Star Trek First Contact boasts some spectacular visual effects.
Special visual effects usually aren’t the main attraction in a Star Trek production. And not all of its visual effects are equally successful. But Star Trek First Contact made it clear to any moviegoers who may have still doubted: Star Trek could play in the big leagues of eye-popping, amazement-inducing special effects.
Surprisingly, the only Academy Award for which the film was nominated in 1997 was Best Makeup. (It lost to The Nutty Professor.) Independence Day took home the Visual Effects trophy, for which Star Trek First Contact didn’t even receive a nod. But Star Trek fans don’t need the Academy’s stamp of approval to admire the breathtaking visual effects the movie contains.
It’s hard to pick only three moments that capture the smart, story-serving spectacles that fill this film. But, on First Contact Day 2023, here are our picks for the three best visual effects in Star Trek First Contact.
Starfleet Engages the Borg at Earth
“The Best of Both Worlds” didn’t show us the Battle of Wolf 359. (“Emissary,” the Star Trek: Deep Space Nine pilot episode, gave us some pretty good glimpses of it during its opening sequence.) But early in its run time, Star Trek First Contact more than makes up for televised Trek’s lack of Starfleet vs. Borg action by depicting the fleet’s desperate stand against a Borg Cube at Earth itself.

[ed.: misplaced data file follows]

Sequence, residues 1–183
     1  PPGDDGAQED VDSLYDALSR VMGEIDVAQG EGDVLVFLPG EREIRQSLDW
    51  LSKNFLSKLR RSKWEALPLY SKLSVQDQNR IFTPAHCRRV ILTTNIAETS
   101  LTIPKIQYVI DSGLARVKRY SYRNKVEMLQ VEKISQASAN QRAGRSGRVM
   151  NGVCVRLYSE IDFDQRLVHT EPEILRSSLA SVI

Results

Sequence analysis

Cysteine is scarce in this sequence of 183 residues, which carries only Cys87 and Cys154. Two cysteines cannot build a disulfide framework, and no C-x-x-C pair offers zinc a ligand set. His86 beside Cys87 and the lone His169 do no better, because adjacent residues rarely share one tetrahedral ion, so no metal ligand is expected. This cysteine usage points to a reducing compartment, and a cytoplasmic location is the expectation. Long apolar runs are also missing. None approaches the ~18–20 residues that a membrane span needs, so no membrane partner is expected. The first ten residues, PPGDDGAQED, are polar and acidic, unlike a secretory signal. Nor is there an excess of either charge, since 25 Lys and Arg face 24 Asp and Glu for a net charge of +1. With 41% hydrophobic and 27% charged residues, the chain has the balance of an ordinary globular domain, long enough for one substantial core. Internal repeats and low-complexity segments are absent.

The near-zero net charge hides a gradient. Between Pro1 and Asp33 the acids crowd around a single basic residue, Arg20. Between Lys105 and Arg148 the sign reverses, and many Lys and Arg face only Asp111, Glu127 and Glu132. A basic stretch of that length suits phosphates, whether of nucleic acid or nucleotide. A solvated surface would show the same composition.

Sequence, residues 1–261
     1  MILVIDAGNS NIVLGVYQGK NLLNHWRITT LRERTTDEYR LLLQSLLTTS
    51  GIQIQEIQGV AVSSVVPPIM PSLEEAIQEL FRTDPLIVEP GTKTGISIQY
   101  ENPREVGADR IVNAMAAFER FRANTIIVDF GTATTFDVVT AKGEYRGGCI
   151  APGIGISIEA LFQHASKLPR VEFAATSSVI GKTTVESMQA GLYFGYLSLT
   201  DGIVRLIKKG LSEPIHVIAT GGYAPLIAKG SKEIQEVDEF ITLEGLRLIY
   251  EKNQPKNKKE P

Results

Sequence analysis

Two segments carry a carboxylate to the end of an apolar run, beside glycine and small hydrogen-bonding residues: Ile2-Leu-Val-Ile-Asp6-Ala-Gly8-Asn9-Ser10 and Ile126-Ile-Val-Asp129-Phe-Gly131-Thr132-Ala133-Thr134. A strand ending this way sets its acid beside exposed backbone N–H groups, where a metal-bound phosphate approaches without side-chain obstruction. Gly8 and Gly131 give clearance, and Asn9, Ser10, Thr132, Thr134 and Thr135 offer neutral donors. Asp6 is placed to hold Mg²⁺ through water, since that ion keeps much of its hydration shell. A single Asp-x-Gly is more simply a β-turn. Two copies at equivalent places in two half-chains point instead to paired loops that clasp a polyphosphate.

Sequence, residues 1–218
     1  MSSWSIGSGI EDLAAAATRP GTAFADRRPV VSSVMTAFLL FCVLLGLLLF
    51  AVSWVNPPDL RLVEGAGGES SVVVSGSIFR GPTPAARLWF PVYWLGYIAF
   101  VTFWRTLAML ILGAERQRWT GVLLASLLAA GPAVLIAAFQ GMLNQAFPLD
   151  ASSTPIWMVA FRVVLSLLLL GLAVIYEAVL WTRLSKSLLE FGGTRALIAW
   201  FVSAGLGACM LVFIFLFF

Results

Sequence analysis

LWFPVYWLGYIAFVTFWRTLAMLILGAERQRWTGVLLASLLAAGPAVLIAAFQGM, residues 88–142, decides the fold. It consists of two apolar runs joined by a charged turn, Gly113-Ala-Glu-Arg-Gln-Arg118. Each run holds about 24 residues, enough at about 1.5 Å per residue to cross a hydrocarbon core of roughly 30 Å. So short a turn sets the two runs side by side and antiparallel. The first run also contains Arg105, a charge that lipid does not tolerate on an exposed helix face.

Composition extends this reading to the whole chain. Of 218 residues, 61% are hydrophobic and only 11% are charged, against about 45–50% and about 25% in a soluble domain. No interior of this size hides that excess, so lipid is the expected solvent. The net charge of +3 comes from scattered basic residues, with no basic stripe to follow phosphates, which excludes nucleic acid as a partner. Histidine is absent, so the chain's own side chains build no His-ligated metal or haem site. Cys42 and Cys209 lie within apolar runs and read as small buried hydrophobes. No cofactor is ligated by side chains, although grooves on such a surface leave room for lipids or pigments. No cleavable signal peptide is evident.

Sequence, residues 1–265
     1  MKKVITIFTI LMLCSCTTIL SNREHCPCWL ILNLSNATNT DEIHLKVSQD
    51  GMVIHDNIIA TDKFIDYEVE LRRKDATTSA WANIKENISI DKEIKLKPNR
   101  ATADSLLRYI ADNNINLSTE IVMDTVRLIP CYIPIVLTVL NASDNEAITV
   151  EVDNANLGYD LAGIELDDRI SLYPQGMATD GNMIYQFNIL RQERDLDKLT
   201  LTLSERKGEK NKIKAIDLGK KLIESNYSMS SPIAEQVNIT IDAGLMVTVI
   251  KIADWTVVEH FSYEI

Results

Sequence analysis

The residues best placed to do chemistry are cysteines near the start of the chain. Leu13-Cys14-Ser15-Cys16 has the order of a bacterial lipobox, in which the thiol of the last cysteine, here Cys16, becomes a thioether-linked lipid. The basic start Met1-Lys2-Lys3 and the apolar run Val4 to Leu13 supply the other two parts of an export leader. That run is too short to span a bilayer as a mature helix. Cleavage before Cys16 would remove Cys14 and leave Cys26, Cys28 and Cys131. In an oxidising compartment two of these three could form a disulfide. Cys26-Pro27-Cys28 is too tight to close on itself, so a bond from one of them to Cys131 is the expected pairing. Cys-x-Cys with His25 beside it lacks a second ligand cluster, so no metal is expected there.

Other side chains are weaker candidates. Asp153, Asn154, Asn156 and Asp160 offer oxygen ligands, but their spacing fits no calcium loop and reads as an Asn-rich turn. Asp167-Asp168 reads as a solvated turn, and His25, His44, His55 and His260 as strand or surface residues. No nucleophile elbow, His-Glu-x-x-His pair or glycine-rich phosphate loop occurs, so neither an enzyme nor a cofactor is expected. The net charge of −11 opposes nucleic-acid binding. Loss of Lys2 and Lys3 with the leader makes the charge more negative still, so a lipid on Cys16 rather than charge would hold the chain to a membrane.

An armada of mostly digital starship models boldly goes up against a physical, thirty-inch-square Borg Cube model far more detailed than the one seen in “The Best of Both Worlds.” And this Cube contained a surprise: the Borg Sphere that travels through a ghostly, shimmering vortex back in time to assimilate Earth.
From our first sight of the Borg Cube to the reveal of 21st-century assimilated Earth, the battle against the Borg in Star Trek First Contact lasts only just under four minutes—and much of that time is devoted to scenes set on the Enterprise bridge. But the battle sequence’s fast-moving spaceships and pyrotechnics, that would be at home in any Star Wars movie, give it an epic feel all out of proportion to its length.
The Flight of the Phoenix
The Phoenix, Dr. Zefram Cochrane’s breakthrough warp-capable ship, is a gorgeous sight in and of itself. Watching it launch at the climax of Star Trek First Contact is always exhilarating.
The moviemakers placed a fiberglass Phoenix command module atop an actual Titan II rocket at the Titan Missile Museum. In Star Trek First Contact: The Making of the Classic Film, construction coordinator calls placing that set “one of the most important things we did for the movie” (page 76),
The launch of the fictional Phoenix captures all the thrills of a real-life rocket launch. And when the ship sheds its missile casing minutes after escaping Earth’s gravity, and extends its Original Series-style warp nacelles, what Star Trek fan doesn’t get a little misty-eyed?
Death of the Borg Queen
Although Star Trek has seen Borg Queens since, the fate of the Borg Queen played by Alice Krige felt very final in 1996. Her organic flesh floats away in the plasma Data releases from the Enterprise’s engines, leaving a Terminator-esque metal skeleton to writhe on the deck.
According to the “making of” book:
"Krige performed the Queen’s death throes in makeup, reclined against a blue-screen backing. ILM match moved the performance with a digital model of the Borg Queen’s head and melted her flesh . . . . MastersFX then provided a chromium-plated skull and spine as a vacuum-metalized prop that Patrick Stewart wielded in the aftermath of the scene (pages 137-138)."
Sir Patrick indeed handles the Borg Queen’s remains like the true Shakespearean thespian he is, as if he were Hamlet handling Yorick’s skull. But it’s the visual effects that sell the idea that the Queen has shuffled off her cybernetic coil.